• What went wrong over the last four years?
  • Has management fixed what was wrong?  (Or, is there a new management with better ideas?)
  • Is the business adequately capitalized?
  • Is the accounting likely honest/conservative?
  • Do they have a large area where they can earn money sustainably, or are they up against stronger competition almost everywhere?
  • If they are in a tough industry, are they one of the few that could survive if conditions got markedly worse?
  • Does management seem intelligent in using excess cash?

The question is to look for a margin of safety, and then see whether the company will earn a return on its business that is attractive at your entry price.  This is a challenge, but maybe one or two companies out of 49 could make it.

Or not.  Be careful.

 

Two Portfolios. Pick One.

Friday, August 29th, 2014

I’m going to show you two portfolios — I’m not initially going to tell you much about either one, but then you can consider which one you might like better.  Here’s portfolio A:

LOSERS_9447_image002

And here is portfolio B:

WINNERS_3286_image002

There is one obvious difference in the two portfolios: portfolio B has gone up more than portfolio A in the past year.  But the hidden story is that portfolio A’s stocks have had price returns of -85% or worse over the past four years, whereas portfolio B’s stocks have has price returns of 1000% or better.  They are the only stocks with current market caps of over $100 million that meet those criteria.

Now, which one would you choose, if you had to hold one portfolio for the next year? The next four years?

Oddly, the right answer might be portfolio A.  Currently, I am reading through a book called Deep Value, which I will review in a week or two, and they cite in Chapter 5 some research by Thaler and De Bondt which indicates that portfolios that have gone through extreme failure tend to outperform portfolios that have gone through extreme success.

Though the momentum anomaly (weak as it has been recently) usually favors portfolios with stronger price momentum, the relationship breaks down over longer periods of time, and more severe moves, where mean-reversion tends to take over.  One thing that I can tell looking at the two portfolios — the expectations are a lot, lot higher for portfolio B than portfolio A.  Things only have to stop getting worse for there to some positive price action there.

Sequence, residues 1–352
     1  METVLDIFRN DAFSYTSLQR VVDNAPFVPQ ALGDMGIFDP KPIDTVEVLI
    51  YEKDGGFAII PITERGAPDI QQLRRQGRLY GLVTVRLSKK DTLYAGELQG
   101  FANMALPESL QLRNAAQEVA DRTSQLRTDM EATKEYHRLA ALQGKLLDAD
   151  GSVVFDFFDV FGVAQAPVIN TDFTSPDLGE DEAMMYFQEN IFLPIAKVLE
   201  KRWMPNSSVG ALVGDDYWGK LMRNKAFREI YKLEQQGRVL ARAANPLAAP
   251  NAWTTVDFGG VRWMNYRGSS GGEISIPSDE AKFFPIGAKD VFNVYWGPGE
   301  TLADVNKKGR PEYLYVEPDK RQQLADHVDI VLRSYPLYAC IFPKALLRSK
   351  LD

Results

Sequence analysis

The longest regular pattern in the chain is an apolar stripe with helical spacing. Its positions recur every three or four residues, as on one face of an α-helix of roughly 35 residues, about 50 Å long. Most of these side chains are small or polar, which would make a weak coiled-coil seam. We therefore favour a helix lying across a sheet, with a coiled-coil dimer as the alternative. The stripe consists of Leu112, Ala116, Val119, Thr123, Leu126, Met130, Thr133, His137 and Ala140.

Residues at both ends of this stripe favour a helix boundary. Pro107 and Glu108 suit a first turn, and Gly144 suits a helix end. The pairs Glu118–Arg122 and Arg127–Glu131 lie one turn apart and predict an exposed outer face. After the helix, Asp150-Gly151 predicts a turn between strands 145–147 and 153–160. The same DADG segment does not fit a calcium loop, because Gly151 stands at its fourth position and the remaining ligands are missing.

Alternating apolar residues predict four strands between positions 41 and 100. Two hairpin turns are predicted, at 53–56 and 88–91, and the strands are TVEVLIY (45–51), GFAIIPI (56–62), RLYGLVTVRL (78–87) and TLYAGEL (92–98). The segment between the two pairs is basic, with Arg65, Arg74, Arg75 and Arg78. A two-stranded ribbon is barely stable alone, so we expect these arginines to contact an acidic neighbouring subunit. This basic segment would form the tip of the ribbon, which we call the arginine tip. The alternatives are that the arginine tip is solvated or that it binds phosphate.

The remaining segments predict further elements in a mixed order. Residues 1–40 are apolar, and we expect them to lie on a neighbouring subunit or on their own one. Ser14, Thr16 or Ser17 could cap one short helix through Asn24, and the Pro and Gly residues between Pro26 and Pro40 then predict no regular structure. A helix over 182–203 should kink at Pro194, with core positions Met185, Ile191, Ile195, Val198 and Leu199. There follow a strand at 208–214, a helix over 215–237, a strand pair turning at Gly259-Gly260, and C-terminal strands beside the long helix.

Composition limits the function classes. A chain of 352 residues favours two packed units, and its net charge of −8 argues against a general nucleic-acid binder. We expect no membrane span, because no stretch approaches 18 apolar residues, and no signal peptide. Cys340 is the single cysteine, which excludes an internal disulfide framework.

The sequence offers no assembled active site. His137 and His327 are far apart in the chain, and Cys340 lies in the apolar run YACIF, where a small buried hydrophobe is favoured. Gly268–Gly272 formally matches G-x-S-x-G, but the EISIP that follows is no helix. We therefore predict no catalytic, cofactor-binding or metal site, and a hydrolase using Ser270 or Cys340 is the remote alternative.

Sometimes I like to run a screen for stocks have done badly over the last four years, but have begun to outperform over the last year.  This can point out areas that are still ignored by most of the market, but where trend may have shifted.  I’ll post that screen after my software has its weekly update on Saturday.  Until then.

PS — as an aside, it will be fun to review the relative performance of these portfolios.

Disclaimer


David Merkel is an investment professional, and like every investment professional, he makes mistakes. David encourages you to do your own independent "due diligence" on any idea that he talks about, because he could be wrong. Nothing written here, at RealMoney, Wall Street All-Stars, or anywhere else David may write is an invitation to buy or sell any particular security; at most, David is handing out educated guesses as to what the markets may do. David is fond of saying, "The markets always find a new way to make a fool out of you," and so he encourages caution in investing. Risk control wins the game in the long run, not bold moves. Even the best strategies of the past fail, sometimes spectacularly, when you least expect it. David is not immune to that, so please understand that any past success of his will be probably be followed by failures.


Also, though David runs Aleph Investments, LLC, this blog is not a part of that business. This blog exists to educate investors, and give something back. It is not intended as advertisement for Aleph Investments; David is not soliciting business through it. When David, or a client of David's has an interest in a security mentioned, full disclosure will be given, as has been past practice for all that David does on the web. Disclosure is the breakfast of champions.


Additionally, David may occasionally write about accounting, actuarial, insurance, and tax topics, but nothing written here, at RealMoney, or anywhere else is meant to be formal "advice" in those areas. Consult a reputable professional in those areas to get personal, tailored advice that meets the specialized needs that David can have no knowledge of.